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As if to underscore its call for greater industry cooperation to fight malicious online ads and content, Google allowed a scam ad to appear briefly atop search results on Tuesday for the term "Firefox."
The sponsored link purported to take Google searchers to the official Firefox Web site, but in fact took them to a different domain, firefox.mozilla-now.com, according to Sophos, a computer security company.
Google appears to have removed the ad as a violation of the company's advertising policies.
A company spokesperson declined to comment on the Firefox ad in question, but acknowledged that the company does look for and remove ads that violate its policies.
"Google's advertising policy requires that the Web site address displayed in the ad must match the domain of the landing page for that ad in order to ensure that users clearly understand the destination Web site being advertised," the spokesperson said in an e-mailed statement. "We use a combination of manual and automated processes to detect and enforce these policies."
But the incident underscores the problem that Google and other online companies face in trying to thwart malicious advertising, or malvertising.
Malicious ads have also been spotted this year at nytimes.com. eweek.com, mlb.com, and foxnews.com, among other Web sites and such incidents are becoming more common.
ScanSafe, a security company, on Wednesday said that a large scale malvertising attack had hit popular Web sites, including drudgereport.com, horoscope.com and lyrics.com, over the weekend.
The company said that the ads were delivered by the several advertising networks, including DoubleClick, YieldManager and FastClick.
On Wednesday at the Virus Bulletin conference in Geneva, Switzerland, Eric Davis, head of Google's anti-malvertising team, part of the company's broader anti-malware team, urged ISPs and security companies to work together to fight malicious ads and content. He pointed to the Australian government's Australian Internet Security Initiative, a program to help ISPs identify hijacked PCs (bots) and regain control over them, as an example of cooperative security.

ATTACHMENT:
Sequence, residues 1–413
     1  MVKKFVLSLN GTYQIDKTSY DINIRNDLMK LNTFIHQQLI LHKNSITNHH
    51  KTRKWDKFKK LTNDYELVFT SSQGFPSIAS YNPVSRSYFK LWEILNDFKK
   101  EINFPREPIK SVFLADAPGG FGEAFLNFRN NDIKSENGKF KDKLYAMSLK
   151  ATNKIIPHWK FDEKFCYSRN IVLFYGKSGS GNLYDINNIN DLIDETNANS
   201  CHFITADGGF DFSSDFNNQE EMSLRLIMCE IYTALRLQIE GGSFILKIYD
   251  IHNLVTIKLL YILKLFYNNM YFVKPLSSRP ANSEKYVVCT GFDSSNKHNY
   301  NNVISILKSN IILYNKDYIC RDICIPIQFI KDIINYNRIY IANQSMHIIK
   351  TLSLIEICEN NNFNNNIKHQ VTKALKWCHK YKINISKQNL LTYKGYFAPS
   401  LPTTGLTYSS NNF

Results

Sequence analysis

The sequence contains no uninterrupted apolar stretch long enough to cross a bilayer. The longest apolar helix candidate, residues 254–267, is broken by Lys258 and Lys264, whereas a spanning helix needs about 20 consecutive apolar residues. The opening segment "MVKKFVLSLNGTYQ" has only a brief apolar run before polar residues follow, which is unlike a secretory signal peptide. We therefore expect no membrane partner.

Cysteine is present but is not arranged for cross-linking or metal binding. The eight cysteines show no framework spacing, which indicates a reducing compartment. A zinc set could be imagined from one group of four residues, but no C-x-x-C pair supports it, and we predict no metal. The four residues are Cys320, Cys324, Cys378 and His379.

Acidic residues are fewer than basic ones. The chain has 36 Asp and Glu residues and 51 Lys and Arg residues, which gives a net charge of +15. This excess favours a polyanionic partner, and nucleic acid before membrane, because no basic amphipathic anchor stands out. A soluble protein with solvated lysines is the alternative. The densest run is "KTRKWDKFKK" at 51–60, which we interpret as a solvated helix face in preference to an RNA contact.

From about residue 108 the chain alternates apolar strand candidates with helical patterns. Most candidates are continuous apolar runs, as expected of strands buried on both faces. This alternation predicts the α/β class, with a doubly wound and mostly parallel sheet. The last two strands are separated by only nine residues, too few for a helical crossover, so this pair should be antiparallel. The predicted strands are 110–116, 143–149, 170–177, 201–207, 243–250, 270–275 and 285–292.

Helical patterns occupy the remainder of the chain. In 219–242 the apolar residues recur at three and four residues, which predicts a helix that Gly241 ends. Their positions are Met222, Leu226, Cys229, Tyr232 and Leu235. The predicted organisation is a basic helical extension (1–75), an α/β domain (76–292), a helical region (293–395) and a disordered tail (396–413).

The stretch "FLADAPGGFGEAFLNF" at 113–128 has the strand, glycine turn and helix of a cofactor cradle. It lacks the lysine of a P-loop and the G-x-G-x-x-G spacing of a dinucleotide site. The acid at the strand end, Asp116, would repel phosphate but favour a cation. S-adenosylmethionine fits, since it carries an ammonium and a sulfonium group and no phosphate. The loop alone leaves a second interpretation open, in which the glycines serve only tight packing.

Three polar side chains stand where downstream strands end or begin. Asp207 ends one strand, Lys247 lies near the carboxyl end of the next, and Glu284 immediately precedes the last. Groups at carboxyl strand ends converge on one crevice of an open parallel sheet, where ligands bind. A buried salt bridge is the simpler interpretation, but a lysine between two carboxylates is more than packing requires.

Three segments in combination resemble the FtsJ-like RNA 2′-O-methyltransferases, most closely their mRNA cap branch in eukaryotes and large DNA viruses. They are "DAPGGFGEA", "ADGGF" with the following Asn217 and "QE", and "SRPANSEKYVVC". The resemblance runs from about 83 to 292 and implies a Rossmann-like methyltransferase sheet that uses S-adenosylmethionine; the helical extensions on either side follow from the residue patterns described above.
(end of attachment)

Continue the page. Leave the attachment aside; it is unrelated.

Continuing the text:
Along those lines, Google earlier this year introduced a custom service engine for conducting background research on online advertisers. In June, the company launched anti-malvertising.com as a home for its custom search engine and as a resource for those fighting malvertising.
Last week, Microsoft, in order to obtain enough information from ISPs to go after the cyber criminals placing malicious ads, filed five lawsuits to halt malvertising through its Ad Exchange.
In a blog post, Microsoft associate general counsel Tim Cranton warned that abuse of online advertising represents a serious threat to the free services available to consumers and businesses.
Such warnings have been heard for years. In late 2007, SANS Internet Storm Center handler William Salusky characterized malicious advertising as "a growing problem that has the potential to effectively place every Internet user at risk."
In its 2009 media predictions, global consulting firm Deloitte warned that malvertising is spreading. "By taking advantage of poor quality control mechanisms for some advertising networks and placing advertisements on trusted sites, the incidence of malvertising is likely to increase in 2009," the firm predicted.
Deloitte's report called for greater education about the threat among Web site publishers and their employees, possible code reviews for advertisements, and the development of tools to automate the screening of third-party advertisements.
Update: Added information from ScanSafe.
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